Securing systems: Four top tips for design engineers
Scott Best, Technical Director of Anti-Counterfeiting Products, Rambus, explains the role of cryptographic ICs. As system counterfeiting attacks continue to send shockwaves across industries, design engineers are evaluating how best to deploy cryptographic authentication integrated circuits (ICs) to secure systems. While there is no shortage of options available, in reality many of these solutions provide very poor levels of additional security.
Unfortunately, a number of these choices limit the anti-counterfeiting protection that engineers had hoped to gain, in particular, many systems fall victim to side-channel attacks. With this in mind, what are the key factors that design engineers should consider in their decision making process.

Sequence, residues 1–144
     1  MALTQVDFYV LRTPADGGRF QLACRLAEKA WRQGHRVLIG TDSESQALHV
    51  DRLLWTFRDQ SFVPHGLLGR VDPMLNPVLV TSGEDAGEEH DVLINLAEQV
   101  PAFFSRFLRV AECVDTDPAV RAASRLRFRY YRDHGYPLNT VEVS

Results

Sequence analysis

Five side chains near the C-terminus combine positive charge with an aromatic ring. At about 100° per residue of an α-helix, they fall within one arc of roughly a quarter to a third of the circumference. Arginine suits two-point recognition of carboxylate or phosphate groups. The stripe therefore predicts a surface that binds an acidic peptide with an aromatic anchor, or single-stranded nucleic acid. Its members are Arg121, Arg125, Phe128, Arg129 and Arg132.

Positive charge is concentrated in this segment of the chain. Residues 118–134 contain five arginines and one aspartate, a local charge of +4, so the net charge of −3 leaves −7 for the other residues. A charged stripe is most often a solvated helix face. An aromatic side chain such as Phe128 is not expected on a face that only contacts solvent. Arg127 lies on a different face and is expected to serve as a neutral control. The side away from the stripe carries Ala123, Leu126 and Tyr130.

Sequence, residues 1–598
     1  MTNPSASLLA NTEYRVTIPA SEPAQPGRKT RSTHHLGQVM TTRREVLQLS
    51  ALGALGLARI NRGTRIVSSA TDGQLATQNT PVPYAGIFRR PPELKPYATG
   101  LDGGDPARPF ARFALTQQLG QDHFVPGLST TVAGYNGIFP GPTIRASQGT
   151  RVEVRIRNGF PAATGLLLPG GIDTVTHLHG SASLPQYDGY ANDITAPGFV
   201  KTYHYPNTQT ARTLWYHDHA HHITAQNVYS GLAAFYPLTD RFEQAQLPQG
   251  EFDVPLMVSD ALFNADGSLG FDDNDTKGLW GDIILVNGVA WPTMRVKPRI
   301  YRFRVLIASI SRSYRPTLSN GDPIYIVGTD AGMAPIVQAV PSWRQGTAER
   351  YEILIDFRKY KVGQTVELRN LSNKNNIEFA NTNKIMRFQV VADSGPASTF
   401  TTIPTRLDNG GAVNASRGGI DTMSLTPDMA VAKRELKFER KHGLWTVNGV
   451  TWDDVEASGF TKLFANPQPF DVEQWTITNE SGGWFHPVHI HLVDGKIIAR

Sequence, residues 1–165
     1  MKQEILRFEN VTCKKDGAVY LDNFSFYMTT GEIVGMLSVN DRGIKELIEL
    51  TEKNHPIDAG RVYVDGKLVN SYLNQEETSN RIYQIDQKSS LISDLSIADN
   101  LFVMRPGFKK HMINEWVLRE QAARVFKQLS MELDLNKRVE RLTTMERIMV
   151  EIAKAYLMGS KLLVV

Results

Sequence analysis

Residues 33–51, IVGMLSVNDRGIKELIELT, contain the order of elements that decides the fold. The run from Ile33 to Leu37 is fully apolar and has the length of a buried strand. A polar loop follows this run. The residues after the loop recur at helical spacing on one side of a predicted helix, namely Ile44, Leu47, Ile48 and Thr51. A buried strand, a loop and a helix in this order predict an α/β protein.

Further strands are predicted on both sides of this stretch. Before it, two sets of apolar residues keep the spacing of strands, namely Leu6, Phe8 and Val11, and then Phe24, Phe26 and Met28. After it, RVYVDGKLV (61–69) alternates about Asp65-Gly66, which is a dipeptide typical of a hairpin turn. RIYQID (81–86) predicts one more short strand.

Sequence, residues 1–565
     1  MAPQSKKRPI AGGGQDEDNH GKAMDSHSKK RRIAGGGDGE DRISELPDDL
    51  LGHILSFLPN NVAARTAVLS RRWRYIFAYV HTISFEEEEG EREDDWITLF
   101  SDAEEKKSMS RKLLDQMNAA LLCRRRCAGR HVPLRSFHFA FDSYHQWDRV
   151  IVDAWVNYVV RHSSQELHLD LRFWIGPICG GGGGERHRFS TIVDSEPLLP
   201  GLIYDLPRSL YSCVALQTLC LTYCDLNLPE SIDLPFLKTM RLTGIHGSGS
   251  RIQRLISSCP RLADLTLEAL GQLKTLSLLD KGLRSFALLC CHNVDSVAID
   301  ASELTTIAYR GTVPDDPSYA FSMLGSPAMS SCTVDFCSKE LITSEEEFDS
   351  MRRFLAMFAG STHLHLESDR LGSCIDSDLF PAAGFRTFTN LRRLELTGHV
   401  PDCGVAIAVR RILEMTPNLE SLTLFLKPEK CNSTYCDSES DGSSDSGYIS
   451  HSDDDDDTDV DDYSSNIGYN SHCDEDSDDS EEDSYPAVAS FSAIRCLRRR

Anti-counterfeiting (ACF) ICs fall into two categories. The first - state machine designs - have fixed functionality, fundamentally performing a single task and turning challenges into responses in a secure manner. The second, more advanced category, is software programmable devices, such as a trusted platform module (TPM). These typically include a wealth of different security protocols.
Both state machine and programmable authentication ICs at their core participate in a challenge/response protocol (e.g., protocols similar to CHAP) to provide authentication. For a challenge, a large series of random data is sent by the verifier host. The ACF IC then performs cryptographic operations on that data, usually encrypting it using the secret seed data stored within the ACF chip. The encrypted response output is then returned to the verifier host, which cryptographically confirms that the ACF knows the appropriate secret, and thus verifying that it is authentic.